Type E: Commercial 3D printers that anyone can afford to purchase

The direct value for the customers is to be able to print 3D models at home. Some of the companies are further engaged in delivering less expensive materials for the printing process. One company (Honeycomb Technologies) enables doctors to print customized exoskeletons to support the healing of fractured bones, as an alternative to plaster or fibreglass casts. Further, these printers can significantly lower the barriers to manufacturing. For a few hundred dollars, customers can assemble a small factory that can make fully customized plastic parts for products or they can use printing networks or services.

Type F: Online 3D printing services with a focus on a particular application such as for printing action figures or toys

The value for the customers is grounded in the opportunities for customization. The high degree of potential customization makes the offer highly valuable for every single customer.

Type G: Special applications of 3D printing (usually business-to-business)

Customers benefit from access to state-of-the-art advances in 3D printing technologies and processes, which enable them to do things they were not able to do before (e.g., mass customization). They are also able to enhance existing processes to work faster or better, for example, through enhanced processes for medical doctors or the use of new resins or other materials.

Comparative Analysis of the Different Types of Value Propositions

The value propositions associated with the seven market offers A to G (Table 2) correspond to 73% of the firms. The value propositions of the rest of the (or other) firms were based on unique specialized market offers that did not fall into the seven categories given above and were not included in the analysis. Figure 1 shows that the three highest ranking value propositions in terms of business traction are not the ones focusing on the production of 3D printers, but are those offering design tools and software applications for 3D modelling (market offer type C), 3D model-generation products such as scanners or special cameras (market offer type D), and online 3D printing services with a focus on a particular application such as action figures or toys (market offer type F).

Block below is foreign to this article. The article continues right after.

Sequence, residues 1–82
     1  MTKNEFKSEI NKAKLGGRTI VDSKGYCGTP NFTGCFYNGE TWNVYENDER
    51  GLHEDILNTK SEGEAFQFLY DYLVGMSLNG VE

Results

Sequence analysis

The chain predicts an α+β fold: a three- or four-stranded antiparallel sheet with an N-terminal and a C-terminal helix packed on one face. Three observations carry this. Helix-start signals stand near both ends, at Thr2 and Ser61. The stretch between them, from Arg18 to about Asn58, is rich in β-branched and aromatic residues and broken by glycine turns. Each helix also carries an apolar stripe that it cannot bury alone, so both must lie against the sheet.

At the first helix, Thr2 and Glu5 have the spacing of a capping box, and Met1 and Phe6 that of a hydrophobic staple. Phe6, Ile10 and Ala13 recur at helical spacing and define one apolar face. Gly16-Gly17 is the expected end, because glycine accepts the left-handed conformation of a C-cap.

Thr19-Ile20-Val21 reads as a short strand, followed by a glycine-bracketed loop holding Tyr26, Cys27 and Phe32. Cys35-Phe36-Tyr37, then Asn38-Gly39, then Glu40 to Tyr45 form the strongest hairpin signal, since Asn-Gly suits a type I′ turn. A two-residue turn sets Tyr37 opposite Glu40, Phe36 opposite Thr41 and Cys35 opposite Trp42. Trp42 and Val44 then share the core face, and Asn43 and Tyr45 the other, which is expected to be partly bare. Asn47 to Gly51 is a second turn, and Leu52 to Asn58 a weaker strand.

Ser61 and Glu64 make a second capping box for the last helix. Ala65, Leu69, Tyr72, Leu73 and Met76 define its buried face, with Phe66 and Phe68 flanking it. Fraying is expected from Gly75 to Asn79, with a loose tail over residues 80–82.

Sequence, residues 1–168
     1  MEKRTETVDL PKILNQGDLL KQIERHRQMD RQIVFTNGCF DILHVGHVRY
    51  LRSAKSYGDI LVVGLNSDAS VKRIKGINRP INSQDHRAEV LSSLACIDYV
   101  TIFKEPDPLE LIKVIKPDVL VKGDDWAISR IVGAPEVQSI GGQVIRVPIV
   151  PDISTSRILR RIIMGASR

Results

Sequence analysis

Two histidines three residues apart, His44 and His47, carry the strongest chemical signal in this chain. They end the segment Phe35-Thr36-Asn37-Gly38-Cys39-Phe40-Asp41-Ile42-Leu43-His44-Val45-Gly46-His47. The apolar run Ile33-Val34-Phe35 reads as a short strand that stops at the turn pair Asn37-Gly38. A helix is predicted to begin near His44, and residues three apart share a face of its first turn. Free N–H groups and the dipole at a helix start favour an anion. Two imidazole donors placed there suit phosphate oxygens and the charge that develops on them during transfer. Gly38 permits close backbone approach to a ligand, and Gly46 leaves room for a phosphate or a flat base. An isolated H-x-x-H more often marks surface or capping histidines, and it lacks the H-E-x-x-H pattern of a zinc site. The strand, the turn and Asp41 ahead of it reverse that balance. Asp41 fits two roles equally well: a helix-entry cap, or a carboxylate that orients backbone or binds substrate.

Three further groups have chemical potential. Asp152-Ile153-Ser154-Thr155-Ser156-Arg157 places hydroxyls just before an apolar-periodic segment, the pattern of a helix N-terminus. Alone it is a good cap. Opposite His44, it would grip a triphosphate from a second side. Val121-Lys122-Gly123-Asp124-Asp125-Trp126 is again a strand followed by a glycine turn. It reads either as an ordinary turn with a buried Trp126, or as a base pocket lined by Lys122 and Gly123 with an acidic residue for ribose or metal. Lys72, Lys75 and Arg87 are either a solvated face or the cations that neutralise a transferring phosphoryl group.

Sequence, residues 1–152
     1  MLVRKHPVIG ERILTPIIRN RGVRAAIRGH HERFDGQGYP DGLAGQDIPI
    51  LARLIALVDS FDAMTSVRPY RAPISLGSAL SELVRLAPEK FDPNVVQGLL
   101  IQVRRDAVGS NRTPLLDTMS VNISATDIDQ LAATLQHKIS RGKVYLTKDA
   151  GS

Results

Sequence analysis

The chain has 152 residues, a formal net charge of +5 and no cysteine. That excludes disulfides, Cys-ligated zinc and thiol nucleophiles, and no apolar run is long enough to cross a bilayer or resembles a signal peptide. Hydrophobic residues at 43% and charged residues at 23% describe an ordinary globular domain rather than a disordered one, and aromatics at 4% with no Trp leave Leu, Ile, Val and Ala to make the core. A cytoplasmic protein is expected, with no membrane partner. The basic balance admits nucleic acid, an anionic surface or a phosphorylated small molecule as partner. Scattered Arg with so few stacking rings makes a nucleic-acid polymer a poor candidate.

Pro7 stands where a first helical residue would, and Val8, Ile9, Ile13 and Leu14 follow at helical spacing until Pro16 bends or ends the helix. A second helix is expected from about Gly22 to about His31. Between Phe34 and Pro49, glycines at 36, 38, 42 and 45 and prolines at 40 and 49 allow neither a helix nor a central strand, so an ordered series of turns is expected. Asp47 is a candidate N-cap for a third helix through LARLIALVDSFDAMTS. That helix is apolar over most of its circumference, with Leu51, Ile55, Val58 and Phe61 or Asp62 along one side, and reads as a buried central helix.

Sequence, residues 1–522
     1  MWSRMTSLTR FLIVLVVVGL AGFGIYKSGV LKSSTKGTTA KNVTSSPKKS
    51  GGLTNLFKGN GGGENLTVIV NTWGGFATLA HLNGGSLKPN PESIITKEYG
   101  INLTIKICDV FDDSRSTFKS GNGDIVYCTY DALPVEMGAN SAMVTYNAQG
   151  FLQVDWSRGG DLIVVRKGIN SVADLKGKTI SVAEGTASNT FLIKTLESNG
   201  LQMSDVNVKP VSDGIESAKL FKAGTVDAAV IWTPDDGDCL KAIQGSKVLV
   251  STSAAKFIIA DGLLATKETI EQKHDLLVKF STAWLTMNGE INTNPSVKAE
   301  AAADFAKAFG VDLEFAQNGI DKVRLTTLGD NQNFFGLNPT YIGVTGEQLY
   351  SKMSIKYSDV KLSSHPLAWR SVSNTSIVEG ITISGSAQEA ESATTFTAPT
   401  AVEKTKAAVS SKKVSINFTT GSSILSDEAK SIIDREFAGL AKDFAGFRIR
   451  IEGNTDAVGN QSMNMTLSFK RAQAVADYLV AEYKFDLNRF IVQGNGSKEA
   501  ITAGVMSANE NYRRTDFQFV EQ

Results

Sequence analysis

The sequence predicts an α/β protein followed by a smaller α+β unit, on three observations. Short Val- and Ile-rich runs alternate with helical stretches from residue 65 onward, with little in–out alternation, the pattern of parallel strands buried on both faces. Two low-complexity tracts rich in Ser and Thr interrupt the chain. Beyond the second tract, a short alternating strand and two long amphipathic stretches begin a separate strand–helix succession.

Figure 1

Figure 1. Ranking of the 3D printing value propositions in terms of their business traction

 

A report by McKinsey & Company (2013) suggests a similar conclusion: "The success of 3D printing also depends on improvements in products such as design software, 3D scanners, and supporting software applications and tools. Commercial 3D scanners are an important enabling technology." Companies selling affordable 3D printers (market offer type E) are fourth in the list in terms of their business traction (Figure 1). At the same time, these companies rank highest in terms of the amount of investments and the number of followers interested in knowing about their future progress (Figures 2 and 3).

Figure 2

Figure 2. Ranking of the 3D printing value propositions in terms of number of investors

 

The three value propositions that rank highest in terms of number of investors in the corresponding companies are selling commercial 3D printers that anyone can afford to purchase (Figure 2, market offer type E), online 3D printing services with a focus on a particular application such as action figures or toys (market offer type F), and companies developing and offering design tools and software applications for 3D modelling (market offer type C). These findings suggest that investors tend to prefer more tangible products that are in the very core of the technology sector.

Figure 3

Figure 3. Ranking of the 3D printing value propositions in terms of number of followers

 

The three highest ranking value propositions in terms of number of followers of the corresponding companies are selling commercial 3D printers that anyone can afford to purchase (market offer type E), online 3D printing services with a focus on a particular application such as action figures or toys (market offer type F), and companies with 3D model-generation products such as scanners or special cameras (market offer type D). The comparison between Figures 2 and 3 suggests that followers are attracted to the companies with the highest degree of external investments.